Countess of Wessex opens play park, attends memorial reception & gala dinner on busy Wednesday

The Countess of Wessex had a full day on Wednesday, which included opening a play park, attending a memorial reception and additionally, a fundraising gala dinner.

Sophie started her day off with a trip to RAF Wittering, Cambridgeshire, in her capacity as Honorary Air Commodore, to open the new centenary play park for the village.

Sophie in Wittering (Photo courtesy of Royal Family)

The newly refurbished play parks throughout the village, were paid for by the Royal Air Force Benevolent Fund. This year marks the centenary of the fund, whose purpose is to provide real life support for all RAF personnel, including their families, as well as any veterans who may be in need. Through the generosity of the RAF Fund, a £196,000 grant was given towards the refurbishments of the parks, the largest grant given this year. Over £400,000 in grants have been given by the RAF Benevolent Fund since 2015.

Children from around the village created many imaginative and vibrant plans, which were used by Proludic UK in the design process for the parks. Included in the renovations are features such as climbing frames, zip wires, timber features and new surfaces. One of Proludic UK’s designers, Daniel Baxter, was instrumental in working with the children and helping to transform all of their unique ideas into reality.

Mr. Baxter expressed: “Their energy and sense of fun was an inspiration to drive the project forward with their creative ideas and drawing skills.”

As The Countess of Wessex arrived, she was met by over 200 pupils from the Wittering Primary School,  who greeted her with exuberant cheers, as she cut the ribbon and declared the park open. Sophie received a gift of flowers from one of the school’s students, Hannah Avery, who is also one of the members of the Airplay youth club.

The Countess of Wessex opens play park in Wittering. (Photo courtesy of Royal Family)

vSpeaking about the Airplay youth club, Mark Quinn, Regional Director shared: “Airplay is the RAF Benevolent Fund’s flagship youth support scheme, supporting thousands of young people living on RAF stations. We know life can sometimes be tough for military families, with parents being deployed and moving around regularly, that’s why the fund provides play parks like these.”

After opening the park, Sophie spent time meeting with individuals from the RAF Benevolent Fund, Proludic UK, and members from the RAF Wittering’s community team. Some of the children present discussed with the Countess the different ideas that they came up with for the parks and if they were pleased with the outcome.

Sophie was accompanied by Group Captain Tony Keeling, Station Commander at RAF Wittering. Of the Countess’ visit, Group Captain Keeling said: “It’s been an honour to have Her Royal Highness here with us today, these new parks are wonderful, and they can be enjoyed by all the young people who live in Wittering, they are intended for the whole village.”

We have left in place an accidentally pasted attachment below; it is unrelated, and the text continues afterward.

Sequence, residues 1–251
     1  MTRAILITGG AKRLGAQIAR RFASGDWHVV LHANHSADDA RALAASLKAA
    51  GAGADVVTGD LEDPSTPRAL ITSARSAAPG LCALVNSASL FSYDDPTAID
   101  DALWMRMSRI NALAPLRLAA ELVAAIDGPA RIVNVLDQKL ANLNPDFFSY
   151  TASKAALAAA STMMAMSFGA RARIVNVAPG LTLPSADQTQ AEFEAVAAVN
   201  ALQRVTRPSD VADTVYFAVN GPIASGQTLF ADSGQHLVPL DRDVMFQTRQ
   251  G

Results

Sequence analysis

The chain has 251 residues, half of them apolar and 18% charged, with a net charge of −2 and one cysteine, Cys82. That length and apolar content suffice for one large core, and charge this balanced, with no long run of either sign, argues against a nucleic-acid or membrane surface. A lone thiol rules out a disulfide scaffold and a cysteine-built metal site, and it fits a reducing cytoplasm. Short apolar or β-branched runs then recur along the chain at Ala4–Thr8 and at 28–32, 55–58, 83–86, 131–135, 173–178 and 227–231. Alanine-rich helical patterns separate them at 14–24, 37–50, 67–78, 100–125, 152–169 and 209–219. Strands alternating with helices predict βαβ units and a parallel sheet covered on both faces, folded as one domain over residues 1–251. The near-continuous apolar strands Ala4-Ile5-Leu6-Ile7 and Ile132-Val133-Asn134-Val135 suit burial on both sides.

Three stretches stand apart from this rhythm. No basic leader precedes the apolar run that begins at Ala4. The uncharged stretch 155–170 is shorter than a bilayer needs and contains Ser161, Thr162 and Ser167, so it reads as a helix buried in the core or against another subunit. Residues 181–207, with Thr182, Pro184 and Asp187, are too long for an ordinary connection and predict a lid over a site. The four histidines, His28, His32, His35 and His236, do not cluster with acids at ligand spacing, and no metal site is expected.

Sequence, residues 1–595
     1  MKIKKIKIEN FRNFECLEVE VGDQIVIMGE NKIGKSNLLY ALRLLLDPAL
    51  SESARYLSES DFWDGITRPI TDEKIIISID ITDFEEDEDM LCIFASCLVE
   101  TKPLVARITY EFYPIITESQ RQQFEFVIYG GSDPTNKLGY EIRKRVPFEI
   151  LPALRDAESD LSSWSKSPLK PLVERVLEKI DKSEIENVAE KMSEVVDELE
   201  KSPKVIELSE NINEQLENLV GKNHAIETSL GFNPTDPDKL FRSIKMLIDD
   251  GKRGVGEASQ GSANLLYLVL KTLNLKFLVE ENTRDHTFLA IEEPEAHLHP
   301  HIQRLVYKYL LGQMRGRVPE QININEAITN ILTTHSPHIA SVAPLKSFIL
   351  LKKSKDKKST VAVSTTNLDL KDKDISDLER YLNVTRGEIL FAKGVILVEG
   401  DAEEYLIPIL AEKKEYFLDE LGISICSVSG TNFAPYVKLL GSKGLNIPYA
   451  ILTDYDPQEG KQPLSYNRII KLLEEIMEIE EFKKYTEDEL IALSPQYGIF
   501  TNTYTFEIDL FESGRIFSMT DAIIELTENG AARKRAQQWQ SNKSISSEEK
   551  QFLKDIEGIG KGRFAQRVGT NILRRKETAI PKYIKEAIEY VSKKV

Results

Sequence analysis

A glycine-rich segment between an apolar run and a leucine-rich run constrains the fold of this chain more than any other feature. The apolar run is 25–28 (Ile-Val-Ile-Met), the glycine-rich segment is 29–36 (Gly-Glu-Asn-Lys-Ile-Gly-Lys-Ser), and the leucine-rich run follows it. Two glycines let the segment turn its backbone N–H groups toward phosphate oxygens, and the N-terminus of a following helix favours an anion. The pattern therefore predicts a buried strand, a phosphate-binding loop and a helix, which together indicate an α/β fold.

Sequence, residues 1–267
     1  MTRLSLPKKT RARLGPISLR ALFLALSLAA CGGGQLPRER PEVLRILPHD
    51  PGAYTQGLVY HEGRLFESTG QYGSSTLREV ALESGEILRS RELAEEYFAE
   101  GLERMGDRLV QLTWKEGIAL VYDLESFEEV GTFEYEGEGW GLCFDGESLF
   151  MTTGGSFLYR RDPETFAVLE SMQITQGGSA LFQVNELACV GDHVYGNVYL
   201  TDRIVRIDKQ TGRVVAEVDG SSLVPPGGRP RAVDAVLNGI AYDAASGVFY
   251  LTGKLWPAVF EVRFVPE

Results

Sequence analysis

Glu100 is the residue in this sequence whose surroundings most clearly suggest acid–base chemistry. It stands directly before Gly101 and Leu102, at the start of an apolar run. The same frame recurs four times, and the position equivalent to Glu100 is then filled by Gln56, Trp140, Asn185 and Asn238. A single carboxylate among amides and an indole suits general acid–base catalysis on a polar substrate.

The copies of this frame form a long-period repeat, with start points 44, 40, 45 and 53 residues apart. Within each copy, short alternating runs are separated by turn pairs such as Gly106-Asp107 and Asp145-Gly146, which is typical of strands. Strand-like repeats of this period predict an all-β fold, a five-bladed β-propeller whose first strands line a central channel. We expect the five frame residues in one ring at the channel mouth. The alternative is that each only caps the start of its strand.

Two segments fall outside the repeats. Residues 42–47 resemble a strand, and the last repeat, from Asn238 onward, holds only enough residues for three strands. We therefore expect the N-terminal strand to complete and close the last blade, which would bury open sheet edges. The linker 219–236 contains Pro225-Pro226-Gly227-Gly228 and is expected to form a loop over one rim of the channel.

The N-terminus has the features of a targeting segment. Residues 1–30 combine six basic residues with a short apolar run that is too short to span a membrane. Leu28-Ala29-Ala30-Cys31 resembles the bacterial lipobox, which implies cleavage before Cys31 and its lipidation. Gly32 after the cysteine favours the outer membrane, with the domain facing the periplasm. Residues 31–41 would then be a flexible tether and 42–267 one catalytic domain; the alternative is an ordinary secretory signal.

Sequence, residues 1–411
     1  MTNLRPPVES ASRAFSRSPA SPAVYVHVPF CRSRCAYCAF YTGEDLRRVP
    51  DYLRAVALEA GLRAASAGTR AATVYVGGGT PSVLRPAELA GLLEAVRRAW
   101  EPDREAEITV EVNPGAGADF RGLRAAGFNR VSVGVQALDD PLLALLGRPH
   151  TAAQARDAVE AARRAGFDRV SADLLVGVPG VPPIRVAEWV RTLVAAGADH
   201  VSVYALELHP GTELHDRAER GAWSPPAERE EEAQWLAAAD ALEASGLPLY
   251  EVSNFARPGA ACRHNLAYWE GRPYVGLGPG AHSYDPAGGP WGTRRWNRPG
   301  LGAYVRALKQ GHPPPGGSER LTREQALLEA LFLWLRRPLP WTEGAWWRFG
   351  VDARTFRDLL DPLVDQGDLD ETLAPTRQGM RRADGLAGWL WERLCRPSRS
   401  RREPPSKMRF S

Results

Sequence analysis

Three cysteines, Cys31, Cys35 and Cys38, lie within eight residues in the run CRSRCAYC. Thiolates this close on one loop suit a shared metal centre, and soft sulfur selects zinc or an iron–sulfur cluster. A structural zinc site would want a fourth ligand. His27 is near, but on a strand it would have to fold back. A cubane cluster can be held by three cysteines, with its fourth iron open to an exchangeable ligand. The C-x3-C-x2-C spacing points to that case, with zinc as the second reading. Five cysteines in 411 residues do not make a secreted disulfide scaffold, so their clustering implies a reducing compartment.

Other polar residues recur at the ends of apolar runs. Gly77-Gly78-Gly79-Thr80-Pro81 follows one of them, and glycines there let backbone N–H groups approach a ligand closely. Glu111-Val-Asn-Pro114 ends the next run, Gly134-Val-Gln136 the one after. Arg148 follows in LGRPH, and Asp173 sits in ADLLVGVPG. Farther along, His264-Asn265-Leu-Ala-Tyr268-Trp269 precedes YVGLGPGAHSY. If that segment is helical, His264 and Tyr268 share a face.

Countess of Wessex in Wittering (Photo courtesy of Royal Family)

Countess of Wessex opens play park in Wittering. (Photo courtesy of Royal Family)

Additionally, he said: “For the last hundred years, the RAF Benevolent Fund has stood shoulder to shoulder with those who serve their country and has been helping personnel and their families in their time of need. We at RAF Wittering are exceptionally fortunate to have their support for this important project.”

Once back in London, in her role as trustee of the Jill Dando Fund, Sophie attended a 20th anniversary reception in memory of the late BBC presenter Jill Dando. Held at The Royal Society in London, friends, family and colleagues gathered to mark the anniversary of her death: Ms. Dando was shot outside of her home in Fulham, on 26th April, 1999, though the case remains open.

The Jill Dando Institute of Security and Crime Science was set up at University College, London, in the presenter’s name, posthumously. Some of the work that the institute focuses on is how to increase security and figuring out new ways to cut crime rates, drawing upon the experience from the many disciplines represented at the university.

A number of emotional tributes were paid to Ms. Dando throughout the evening and her former co-host, Nick Ross said: “The Institute of Security and Crime Science that was founded in her name, was a legacy of which those who knew and loved the presenter could all be proud.”

Furthermore, he said: “We all know there’s a blaze of publicity about Jill this month. Sadly, most of the attention is about the manner of Jill’s death. Tonight is about her life: it’s to celebrate her life and her remarkable legacy, a major department in a world class university that bears her name.”

Rounding out her evening, The Countess of Wessex made her way to Canary Wharf where she was guest of honour at the British Bobsleigh and Skeleton Gala Dinner. Organised by the membership committee, the gala’s aim was to raise funds to build the youth and Para-sections of skeleton and bobsleigh.

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\Additionally, the evening was a time to celebrate the upgrading of Britain’s four-man bobsleigh team from the Sochi Olympics to the bronze medal winners. Last month, the International Olympic Committee Executive Board confirmed the disqualification of the Russian teams in third and fourth place for doping offences and awarded the bronze medals to the British team. It was a wonderful way to publicly acknowledge the bobsleigh team’s incredible achievement.

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